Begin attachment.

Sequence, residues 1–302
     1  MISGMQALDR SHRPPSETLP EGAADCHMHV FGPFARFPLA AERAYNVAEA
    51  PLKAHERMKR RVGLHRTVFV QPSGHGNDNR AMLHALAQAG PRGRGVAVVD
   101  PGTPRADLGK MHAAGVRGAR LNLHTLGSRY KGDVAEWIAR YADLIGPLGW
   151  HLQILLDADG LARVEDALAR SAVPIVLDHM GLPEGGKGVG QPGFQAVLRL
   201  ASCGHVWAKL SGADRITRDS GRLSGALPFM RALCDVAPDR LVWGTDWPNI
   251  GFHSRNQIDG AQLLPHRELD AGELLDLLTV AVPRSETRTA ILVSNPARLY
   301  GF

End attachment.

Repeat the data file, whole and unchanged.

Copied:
Sequence, residues 1–302
     1  MISGMQALDR SHRPPSETLP EGAADCHMHV FGPFARFPLA AERAYNVAEA
    51  PLKAHERMKR RVGLHRTVFV QPSGHGNDNR AMLHALAQAG PRGRGVAVVD
   101  PGTPRADLGK MHAAGVRGAR LNLHTLGSRY KGDVAEWIAR YADLIGPLGW
   151  HLQILLDADG LARVEDALAR SAVPIVLDHM GLPEGGKGVG QPGFQAVLRL
   201  ASCGHVWAKL SGADRITRDS GRLSGALPFM RALCDVAPDR LVWGTDWPNI
   251  GFHSRNQIDG AQLLPHRELD AGELLDLLTV AVPRSETRTA ILVSNPARLY
   301  GF